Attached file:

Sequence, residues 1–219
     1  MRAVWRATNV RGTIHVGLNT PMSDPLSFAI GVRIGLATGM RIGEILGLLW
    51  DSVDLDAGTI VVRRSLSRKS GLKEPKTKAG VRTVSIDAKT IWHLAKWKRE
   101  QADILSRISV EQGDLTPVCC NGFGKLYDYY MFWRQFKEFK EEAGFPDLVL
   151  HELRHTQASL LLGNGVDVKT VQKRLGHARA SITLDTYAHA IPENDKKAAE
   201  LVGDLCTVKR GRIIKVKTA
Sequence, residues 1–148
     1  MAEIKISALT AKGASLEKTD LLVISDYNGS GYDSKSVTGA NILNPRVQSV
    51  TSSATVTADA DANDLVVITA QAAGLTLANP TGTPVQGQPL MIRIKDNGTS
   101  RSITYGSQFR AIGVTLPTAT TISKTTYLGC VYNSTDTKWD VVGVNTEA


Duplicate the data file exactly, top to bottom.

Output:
Sequence, residues 1–219
     1  MRAVWRATNV RGTIHVGLNT PMSDPLSFAI GVRIGLATGM RIGEILGLLW
    51  DSVDLDAGTI VVRRSLSRKS GLKEPKTKAG VRTVSIDAKT IWHLAKWKRE
   101  QADILSRISV EQGDLTPVCC NGFGKLYDYY MFWRQFKEFK EEAGFPDLVL
   151  HELRHTQASL LLGNGVDVKT VQKRLGHARA SITLDTYAHA IPENDKKAAE
   201  LVGDLCTVKR GRIIKVKTA
Sequence, residues 1–148
     1  MAEIKISALT AKGASLEKTD LLVISDYNGS GYDSKSVTGA NILNPRVQSV
    51  TSSATVTADA DANDLVVITA QAAGLTLANP TGTPVQGQPL MIRIKDNGTS
   101  RSITYGSQFR AIGVTLPTAT TISKTTYLGC VYNSTDTKWD VVGVNTEA